A wonderful brief history since Vatican II, from The Remnant Newspaper, a publication I recommend most highly.
In traditionalist circles, the city of Rome is sometimes seen as a center of doctrinal corruption and anti-ethical morality. But Rome, in addition to remaining the perennial center of universal Christianity, is also the place where, in the last fifty years since the promulgation of the Novus Ordo Missae, an unwavering loyalty to the ancient Roman Rite has been displayed by both the clergy and the laity alike. It is worth remembering this as we mark the anniversary of the liturgical reform, initiated by the Second Vatican Council and implemented by Paul VI, which the Jesuit historian of the Church Giacomo Martina has called “an authentic liturgical revolution, much greater than that of the Council of Trent” (Storia della Chiesa, Morcelliana, Brescia 1995, vol. III, p. 359).
Beginning in 1965, still during the Council, there was initiated the celebration of a Mass which foresaw many parts being celebrated in the vernacular tongue with the altars turned around to face the people. On March 7, 1965, Paul VI celebrated Mass in Italian in a parish in Rome and exhorted the parish priests to work together for the application of the reform. On March 4, 1967, the recitation of the Canon of the Mass in a loud voice and in the vernacular tongue was authorized. In Rome, as in other parts of the world, there was resistance to the liturgical reform, which saw its first expression in the foundation of the international Una Voce association to safeguard the Latin-Gregorian liturgy.
Una Voce Italia was founded in Rome on June 7, 1966. Its president was Duke Filippo Caffarelli (1801-1975) of an ancient Roman family, and its vice-president was the writer Eugenio Montale. On January 7, 1967, Caffarelli met in Paris with representatives of Una Voce from thirteen other countries to organize the Foederatio Internationalis Una Voce (FIUV). At this gathering Dr. Eric Vermeheren de Saventhem (1919-2005) was elected as president and Caffarelli was elected as vice-president. Eric de Saventhem lived in Clarens, Switzerland with his wife, the countess Elizabeth von Plettenberg (1911-2000), where each day they drove for an hour by car to assist at Holy Mass at the seminary of Ecône, but they were frequently in Rome to plead the cause of the ancient liturgy.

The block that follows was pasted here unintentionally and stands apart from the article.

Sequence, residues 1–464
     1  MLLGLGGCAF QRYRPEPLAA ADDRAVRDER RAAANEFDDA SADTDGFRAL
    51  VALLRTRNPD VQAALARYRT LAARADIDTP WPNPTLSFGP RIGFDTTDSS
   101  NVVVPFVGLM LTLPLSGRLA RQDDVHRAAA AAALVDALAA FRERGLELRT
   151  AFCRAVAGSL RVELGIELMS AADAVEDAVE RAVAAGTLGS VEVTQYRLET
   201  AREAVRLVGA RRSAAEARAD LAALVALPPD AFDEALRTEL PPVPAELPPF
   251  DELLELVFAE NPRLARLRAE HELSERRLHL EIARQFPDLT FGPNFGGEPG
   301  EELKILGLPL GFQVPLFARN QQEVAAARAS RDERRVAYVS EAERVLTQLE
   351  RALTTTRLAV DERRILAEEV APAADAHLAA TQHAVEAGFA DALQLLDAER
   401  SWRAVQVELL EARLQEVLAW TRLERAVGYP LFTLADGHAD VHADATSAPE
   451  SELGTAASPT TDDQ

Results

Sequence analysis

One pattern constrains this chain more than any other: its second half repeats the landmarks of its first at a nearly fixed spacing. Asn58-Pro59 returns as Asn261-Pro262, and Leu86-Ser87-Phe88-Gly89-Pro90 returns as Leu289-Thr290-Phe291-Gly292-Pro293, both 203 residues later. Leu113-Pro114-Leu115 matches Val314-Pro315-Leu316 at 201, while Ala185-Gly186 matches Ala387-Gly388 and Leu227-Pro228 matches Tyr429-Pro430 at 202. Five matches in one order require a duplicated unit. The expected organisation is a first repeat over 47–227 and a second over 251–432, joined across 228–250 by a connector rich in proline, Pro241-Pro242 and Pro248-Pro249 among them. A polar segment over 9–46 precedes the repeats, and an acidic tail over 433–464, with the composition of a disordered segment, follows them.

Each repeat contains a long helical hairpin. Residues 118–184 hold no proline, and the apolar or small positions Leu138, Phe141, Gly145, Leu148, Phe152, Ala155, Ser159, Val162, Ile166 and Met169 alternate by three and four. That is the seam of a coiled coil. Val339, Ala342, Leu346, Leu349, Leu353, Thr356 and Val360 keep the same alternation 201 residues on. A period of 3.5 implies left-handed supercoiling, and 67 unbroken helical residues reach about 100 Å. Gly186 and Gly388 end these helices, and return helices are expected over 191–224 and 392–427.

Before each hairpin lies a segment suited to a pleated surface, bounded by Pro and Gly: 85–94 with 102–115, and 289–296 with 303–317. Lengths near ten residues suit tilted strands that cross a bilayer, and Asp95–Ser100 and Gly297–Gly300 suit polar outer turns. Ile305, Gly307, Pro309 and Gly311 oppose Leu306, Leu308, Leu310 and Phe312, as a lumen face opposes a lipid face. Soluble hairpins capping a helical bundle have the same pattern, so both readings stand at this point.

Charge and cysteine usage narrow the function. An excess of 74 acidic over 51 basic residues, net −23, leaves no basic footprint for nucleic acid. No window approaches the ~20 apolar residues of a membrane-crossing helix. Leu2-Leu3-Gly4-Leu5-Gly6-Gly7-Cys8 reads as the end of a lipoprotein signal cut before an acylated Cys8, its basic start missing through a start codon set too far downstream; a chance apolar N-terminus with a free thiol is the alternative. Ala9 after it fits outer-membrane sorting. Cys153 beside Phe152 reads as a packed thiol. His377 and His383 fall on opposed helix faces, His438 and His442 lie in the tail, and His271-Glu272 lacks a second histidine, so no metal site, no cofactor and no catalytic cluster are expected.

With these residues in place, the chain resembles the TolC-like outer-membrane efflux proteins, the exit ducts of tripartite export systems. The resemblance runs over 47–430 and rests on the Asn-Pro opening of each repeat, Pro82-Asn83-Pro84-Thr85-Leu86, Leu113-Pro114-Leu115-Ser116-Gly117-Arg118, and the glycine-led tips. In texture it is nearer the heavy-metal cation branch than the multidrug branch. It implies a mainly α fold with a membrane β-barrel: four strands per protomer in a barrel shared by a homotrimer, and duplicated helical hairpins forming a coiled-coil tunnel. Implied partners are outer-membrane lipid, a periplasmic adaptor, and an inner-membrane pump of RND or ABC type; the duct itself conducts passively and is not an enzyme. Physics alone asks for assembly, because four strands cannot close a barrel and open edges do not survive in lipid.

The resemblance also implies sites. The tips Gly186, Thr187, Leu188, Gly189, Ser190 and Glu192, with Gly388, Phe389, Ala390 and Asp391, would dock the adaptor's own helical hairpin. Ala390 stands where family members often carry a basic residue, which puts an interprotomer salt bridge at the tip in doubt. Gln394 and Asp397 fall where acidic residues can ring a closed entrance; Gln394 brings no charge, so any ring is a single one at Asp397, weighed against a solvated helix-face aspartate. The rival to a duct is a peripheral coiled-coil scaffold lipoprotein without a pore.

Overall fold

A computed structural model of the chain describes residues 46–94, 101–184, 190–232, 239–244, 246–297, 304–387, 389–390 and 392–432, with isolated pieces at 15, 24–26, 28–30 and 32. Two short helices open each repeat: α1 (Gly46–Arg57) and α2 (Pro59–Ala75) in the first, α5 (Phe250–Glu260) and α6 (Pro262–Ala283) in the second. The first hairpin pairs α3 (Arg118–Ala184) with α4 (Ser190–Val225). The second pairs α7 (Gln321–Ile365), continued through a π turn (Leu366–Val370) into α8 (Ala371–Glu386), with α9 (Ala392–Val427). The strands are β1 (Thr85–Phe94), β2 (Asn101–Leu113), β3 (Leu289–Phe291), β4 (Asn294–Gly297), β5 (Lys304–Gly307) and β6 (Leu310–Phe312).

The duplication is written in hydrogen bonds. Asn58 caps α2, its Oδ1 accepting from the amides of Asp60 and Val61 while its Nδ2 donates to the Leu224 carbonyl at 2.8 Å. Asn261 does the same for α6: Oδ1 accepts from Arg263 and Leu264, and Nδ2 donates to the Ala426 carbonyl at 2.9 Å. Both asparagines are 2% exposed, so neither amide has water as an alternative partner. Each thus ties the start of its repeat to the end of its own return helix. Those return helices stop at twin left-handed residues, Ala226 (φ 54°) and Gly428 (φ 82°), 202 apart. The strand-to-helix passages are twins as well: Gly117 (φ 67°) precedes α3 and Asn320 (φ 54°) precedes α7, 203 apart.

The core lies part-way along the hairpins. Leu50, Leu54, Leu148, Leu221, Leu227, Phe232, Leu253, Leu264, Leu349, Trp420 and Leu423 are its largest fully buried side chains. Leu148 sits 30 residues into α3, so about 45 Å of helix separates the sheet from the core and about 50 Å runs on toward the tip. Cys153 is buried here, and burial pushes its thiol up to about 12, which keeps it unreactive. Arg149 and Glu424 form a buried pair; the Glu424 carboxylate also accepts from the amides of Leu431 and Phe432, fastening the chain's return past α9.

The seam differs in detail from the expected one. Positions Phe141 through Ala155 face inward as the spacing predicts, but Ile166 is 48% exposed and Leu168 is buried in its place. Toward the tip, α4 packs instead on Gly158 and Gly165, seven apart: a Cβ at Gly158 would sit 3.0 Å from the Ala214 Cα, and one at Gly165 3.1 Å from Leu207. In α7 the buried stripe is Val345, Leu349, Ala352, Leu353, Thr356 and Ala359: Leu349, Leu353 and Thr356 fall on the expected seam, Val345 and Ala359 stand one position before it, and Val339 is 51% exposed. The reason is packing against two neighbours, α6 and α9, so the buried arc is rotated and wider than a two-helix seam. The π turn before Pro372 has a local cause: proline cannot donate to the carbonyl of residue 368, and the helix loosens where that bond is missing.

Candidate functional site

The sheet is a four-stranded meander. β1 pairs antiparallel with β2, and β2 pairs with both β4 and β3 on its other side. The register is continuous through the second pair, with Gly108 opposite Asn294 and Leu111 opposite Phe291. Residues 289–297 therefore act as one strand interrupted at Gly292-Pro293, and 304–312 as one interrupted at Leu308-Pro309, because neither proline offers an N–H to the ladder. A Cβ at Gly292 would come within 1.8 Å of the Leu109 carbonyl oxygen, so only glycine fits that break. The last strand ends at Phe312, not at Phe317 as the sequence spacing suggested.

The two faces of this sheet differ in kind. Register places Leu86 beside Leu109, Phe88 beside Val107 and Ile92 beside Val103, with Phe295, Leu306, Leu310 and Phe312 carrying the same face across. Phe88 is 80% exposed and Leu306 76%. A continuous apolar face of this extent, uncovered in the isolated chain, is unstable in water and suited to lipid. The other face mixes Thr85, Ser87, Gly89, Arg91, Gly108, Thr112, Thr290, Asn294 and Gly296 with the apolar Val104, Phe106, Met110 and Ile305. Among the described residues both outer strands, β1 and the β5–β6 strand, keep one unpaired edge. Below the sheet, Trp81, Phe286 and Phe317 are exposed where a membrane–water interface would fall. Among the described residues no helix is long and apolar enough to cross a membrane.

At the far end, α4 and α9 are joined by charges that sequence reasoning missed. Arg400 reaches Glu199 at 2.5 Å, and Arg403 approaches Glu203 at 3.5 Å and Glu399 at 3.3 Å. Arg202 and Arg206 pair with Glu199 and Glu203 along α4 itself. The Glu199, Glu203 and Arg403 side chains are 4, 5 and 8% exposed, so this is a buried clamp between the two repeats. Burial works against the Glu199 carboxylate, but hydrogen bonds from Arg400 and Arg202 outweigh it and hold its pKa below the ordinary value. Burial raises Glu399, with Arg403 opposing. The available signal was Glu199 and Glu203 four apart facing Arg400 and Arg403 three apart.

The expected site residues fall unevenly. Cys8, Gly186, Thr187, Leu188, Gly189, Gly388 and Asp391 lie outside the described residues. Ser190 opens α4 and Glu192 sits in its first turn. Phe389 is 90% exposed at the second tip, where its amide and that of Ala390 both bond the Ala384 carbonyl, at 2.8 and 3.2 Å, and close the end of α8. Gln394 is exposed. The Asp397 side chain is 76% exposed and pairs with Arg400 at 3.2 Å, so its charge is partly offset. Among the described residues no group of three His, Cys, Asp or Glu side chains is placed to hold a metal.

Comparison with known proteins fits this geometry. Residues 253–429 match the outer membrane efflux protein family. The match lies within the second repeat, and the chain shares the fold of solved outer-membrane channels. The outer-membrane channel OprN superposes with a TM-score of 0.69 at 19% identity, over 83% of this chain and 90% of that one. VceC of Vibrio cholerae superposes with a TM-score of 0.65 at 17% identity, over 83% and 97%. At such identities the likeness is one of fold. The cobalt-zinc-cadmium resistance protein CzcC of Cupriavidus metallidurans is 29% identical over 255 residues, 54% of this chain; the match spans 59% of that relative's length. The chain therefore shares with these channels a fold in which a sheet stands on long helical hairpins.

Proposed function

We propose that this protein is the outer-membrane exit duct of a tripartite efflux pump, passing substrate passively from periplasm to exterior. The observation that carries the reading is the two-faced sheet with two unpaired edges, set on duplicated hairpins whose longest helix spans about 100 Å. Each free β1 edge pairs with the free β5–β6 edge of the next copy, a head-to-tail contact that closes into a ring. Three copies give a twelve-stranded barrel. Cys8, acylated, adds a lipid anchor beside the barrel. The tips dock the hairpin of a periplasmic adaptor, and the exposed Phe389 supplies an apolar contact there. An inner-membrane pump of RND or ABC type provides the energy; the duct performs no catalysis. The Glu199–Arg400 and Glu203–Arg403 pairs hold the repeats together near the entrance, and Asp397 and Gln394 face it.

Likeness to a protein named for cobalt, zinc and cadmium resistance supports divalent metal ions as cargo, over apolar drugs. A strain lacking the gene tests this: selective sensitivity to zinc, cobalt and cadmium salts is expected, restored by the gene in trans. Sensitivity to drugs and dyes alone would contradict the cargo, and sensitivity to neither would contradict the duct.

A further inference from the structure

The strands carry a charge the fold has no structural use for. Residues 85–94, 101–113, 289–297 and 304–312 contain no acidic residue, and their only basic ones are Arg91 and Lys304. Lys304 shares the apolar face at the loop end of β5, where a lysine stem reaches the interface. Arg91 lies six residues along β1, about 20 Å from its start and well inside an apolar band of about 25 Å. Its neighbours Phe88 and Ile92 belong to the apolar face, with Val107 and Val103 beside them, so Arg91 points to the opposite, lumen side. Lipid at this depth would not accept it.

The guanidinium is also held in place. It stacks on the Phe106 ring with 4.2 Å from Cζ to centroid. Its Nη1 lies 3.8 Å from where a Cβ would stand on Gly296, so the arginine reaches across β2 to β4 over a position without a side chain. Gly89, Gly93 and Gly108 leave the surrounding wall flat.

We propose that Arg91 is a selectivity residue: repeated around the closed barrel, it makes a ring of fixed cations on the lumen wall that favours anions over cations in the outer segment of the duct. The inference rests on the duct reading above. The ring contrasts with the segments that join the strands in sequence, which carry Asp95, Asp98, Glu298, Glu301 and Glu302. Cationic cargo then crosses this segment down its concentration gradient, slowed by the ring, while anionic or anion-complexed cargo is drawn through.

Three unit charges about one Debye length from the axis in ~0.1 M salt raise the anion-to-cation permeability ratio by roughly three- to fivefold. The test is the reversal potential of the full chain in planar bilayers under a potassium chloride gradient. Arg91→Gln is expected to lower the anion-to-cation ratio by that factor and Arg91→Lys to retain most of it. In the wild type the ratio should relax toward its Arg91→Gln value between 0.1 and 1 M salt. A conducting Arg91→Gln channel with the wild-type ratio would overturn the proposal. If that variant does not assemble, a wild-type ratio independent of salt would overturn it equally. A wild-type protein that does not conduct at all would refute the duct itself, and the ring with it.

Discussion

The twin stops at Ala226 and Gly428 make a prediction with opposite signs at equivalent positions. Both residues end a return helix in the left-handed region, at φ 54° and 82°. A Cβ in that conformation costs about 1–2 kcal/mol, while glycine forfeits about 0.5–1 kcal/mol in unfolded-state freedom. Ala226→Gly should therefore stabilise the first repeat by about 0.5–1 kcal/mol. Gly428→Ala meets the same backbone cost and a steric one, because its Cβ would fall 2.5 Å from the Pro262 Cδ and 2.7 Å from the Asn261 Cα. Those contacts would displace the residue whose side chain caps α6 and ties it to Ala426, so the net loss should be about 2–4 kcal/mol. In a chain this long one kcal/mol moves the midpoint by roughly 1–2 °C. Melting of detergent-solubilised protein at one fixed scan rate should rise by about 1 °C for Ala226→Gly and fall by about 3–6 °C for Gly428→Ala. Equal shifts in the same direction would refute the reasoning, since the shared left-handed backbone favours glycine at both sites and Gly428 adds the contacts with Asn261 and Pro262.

On April 3, 1969, the Apostolic Constitution Missale Romanum was issued, which consisted of two documents: the Institutio Generalis Missalis Romani and the new Ordo Missae itself. The texts had been formulated by the Consilium ad Exsequendam Constitutionem de Sacra Liturgia, established in 1964 by Paul VI, who had named as its secretary Bishop Annibale Bugnini, who is now known to history as the destroyer of the ancient Mass.